By the age of 13, Burnside was out of Holly Springs and touring with his grandfather, legendary musician R.L. “Big Daddy” Burnside, and today he's still on the road sharing hill country blues with people around the country.
His band, The Cedric Burnside Project, will perform at 9 p.m. Saturday at The Phoenix, 1122 Broadway. Tickets are $7 at the door.
“The biggest thing for me was me watching him (his grandfather) play all those house parties when I was young, and me being able to build up the courage to jump on the drums and to even try to play,” Cedric Burnside said. “I loved every minute of it. Being around my uncles and watching them definitely inspired me. I already knew at a young age what I wanted to do for the rest of my life, and that is play hill country blues.”
Growing up playing in juke joints, Burnside said he is used to people “stomping the dust out of concrete,” and that same energy will be flowing at the Phoenix.
As with any musician, Burnside pours his all into his work. No matter if he is playing for three people or three hundred 300, he said performing takes him to a special place. It's not only a place where he can remember his late grandfather, but also a place where he can pass on history, family traditions and an underappreciated genre of blues.
Closely tied to the famous delta blues created in southern Mississippi, hill country blues was made in the northern part of the state near the Tennessee line and is characterised by a strong emphasis on rhythm and percussion, with few chord changes, unconventional song structures and an emphasis on the groove.
It wasn't until the 1990s that this style of music became fully recognized with the growing popularity of Big Daddy Burnside and Fat Possum Records.
“I like all music and all blues from Chicago to Texas and especially delta blues, but out of all the blues I hear, the hill country blues is totally different,” Cedric Burnside said. “It's a different feel, different drive and different timing. I call it field music. It's the kind of music where you hear patterns. You have to get up there and imagine where the next change is going to come. People have come to enjoy and love it.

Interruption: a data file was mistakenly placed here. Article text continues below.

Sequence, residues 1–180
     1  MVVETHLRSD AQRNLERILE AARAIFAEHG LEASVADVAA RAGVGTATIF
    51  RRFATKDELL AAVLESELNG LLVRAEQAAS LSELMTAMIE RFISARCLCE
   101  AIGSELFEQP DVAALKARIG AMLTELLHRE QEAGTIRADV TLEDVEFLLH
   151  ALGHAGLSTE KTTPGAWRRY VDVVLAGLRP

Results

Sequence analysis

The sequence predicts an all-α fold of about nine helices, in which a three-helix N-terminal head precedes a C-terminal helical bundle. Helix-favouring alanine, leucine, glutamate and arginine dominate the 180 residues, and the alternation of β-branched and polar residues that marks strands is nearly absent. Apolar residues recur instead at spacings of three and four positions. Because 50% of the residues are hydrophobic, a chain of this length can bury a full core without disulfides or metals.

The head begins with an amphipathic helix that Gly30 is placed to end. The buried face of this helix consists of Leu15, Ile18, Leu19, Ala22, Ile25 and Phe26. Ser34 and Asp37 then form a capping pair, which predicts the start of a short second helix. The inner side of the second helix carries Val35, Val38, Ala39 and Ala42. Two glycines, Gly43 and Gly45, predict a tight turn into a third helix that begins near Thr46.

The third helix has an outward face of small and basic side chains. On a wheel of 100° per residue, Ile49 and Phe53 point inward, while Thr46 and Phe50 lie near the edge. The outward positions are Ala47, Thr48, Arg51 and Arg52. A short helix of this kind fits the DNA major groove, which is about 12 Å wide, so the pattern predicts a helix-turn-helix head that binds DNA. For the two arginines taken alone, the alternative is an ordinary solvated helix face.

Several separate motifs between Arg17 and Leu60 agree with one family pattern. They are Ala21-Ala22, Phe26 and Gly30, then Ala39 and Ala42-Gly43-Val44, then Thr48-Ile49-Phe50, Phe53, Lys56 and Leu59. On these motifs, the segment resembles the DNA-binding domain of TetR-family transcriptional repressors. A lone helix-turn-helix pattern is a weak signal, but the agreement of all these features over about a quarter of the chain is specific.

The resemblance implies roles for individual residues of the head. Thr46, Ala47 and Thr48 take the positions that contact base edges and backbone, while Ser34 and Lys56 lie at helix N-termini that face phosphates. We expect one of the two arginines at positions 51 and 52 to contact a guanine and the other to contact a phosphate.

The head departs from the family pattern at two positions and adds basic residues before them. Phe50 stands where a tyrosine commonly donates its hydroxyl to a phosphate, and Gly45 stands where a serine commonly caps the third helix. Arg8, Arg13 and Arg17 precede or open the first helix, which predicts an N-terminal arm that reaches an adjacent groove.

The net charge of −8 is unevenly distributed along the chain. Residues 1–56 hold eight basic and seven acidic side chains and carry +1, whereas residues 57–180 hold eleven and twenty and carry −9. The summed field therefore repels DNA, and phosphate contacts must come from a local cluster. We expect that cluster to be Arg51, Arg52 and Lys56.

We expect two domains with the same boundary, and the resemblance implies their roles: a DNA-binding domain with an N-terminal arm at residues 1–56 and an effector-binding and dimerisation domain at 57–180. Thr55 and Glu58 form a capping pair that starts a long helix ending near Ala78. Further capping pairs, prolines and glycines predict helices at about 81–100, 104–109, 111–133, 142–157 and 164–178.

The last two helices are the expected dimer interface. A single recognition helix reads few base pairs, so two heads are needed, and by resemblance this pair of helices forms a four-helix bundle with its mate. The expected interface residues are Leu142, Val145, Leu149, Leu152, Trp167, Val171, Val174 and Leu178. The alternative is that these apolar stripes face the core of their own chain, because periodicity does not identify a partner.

“For a long time, the hill country blues didn't get the recognition that it should have. It's a long time coming,” he said.
In late 2006, Burnside and Lightnin' Malcolm teamed up and toured as The Juke Joint Duo, which produced the award-winning record “Two Man Wrecking Crew.” In 2010, Burnside collaborated with his younger brother, Cody Burnside, and his uncle, Garry Burnside, to create The Cedric Burnside Project.
The three created a new genre of music by infusing hill country blues, funk, R&B and soul. They had a great thing going, too. Sadly, in 2012, Cody died. Today, Burnside keeps playing for his lost family and bluesmen.
Today, Burnside is touring with guitarist and childhood friend Trenton Ayers, who is known for his deep knowledge of the blues and his skills on both guitar and bass. Ayers plays in many genres, but he has a deep respect for hill country blues, yet always tries to find ways to keep the music fresh.
For Burnside, playing hill country blues is about keeping the tradition. This genre of blues is dying quickly, and musicians like Burnside are doing their best to keep it alive.
Cedric has performed and recorded with artists such as Jimmy Buffett, T Model Ford, Black Joe Lewis and the Honeybears, Widespread Panic, and the Jon Spencer Blues Explosion. Last year, he also won the Memphis Blues Award for Drummer of the Year for the third time.
Burnside just had one tip for anyone coming out to the show: “If you're wearing glasses or a hat, wear a strap on 'em because we pack a punch. We will definitely give you something to wiggle to.”
Hill country bluesWhat: The Cedric Burnside Project plays Mississippi-style hill country blues music.
When: 9 p.m. Saturday
Where: The Phoenix, 1122 Broadway
Cost: $7 at the door
Information: Check out Cedric Burnside's website at http://cedricburnside.com or on Facebook at https://www.facebook.com/events/242906772531026.